Water is composed of two strong electrochemically active agents, H + and OH- ions, but has not been used as an active electronic material in oxide semiconductors. In this study, we demonstrate that water-infiltrated nanoporous glass electrically switches an oxide semiconductor from insulator to metal. We fabricated a field-effect transistor structure on an oxide semiconductor, SrTiO3, using water-infiltrated nanoporous glass-amorphous 12CaO·7Al2O3 -as the gate insulator. Positive gate voltage, electron accumulation, water electrolysis and electrochemical reduction occur successively on the SrTiO3 surface at room temperature. This leads to the formation of a thin (∼3 nm) metal layer with an extremely high electron concentration (1015-10 16cm-2), which exhibits exotic thermoelectric behaviour. The electron activity of water as it infiltrates nanoporous glass may find many useful applications in electronics or in energy storage.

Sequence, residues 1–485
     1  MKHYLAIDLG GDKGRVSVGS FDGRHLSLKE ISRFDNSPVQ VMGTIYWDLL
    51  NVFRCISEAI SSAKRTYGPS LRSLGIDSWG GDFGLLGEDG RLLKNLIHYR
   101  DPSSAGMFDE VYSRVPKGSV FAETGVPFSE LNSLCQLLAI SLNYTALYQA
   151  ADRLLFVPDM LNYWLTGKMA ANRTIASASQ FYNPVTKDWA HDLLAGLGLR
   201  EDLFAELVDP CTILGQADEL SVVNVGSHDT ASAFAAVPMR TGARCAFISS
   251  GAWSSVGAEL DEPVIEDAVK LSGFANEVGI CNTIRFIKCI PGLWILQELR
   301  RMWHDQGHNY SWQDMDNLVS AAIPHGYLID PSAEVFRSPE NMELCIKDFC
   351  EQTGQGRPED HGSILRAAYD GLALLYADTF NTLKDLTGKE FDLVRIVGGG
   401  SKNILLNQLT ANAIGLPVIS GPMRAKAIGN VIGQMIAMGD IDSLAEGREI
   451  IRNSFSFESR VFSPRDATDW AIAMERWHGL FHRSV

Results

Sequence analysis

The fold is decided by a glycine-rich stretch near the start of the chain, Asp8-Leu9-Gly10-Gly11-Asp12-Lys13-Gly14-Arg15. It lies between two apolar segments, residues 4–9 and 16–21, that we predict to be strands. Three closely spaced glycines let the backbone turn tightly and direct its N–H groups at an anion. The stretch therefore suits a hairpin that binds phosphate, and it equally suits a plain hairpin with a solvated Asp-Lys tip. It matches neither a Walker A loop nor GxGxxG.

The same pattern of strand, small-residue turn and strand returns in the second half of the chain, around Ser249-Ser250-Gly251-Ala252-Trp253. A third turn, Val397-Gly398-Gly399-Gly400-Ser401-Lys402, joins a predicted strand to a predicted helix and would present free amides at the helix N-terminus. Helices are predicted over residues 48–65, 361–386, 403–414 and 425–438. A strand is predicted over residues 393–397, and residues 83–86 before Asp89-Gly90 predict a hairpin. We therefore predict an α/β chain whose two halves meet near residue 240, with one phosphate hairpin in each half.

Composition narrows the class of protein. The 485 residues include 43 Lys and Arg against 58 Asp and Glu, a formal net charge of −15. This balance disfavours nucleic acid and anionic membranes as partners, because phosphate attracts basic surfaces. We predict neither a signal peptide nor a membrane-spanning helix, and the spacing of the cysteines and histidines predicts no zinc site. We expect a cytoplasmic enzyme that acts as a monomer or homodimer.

ASJC Scopus subject areas
- Biochemistry, Genetics and Molecular Biology(all)
- Physics and Astronomy(all)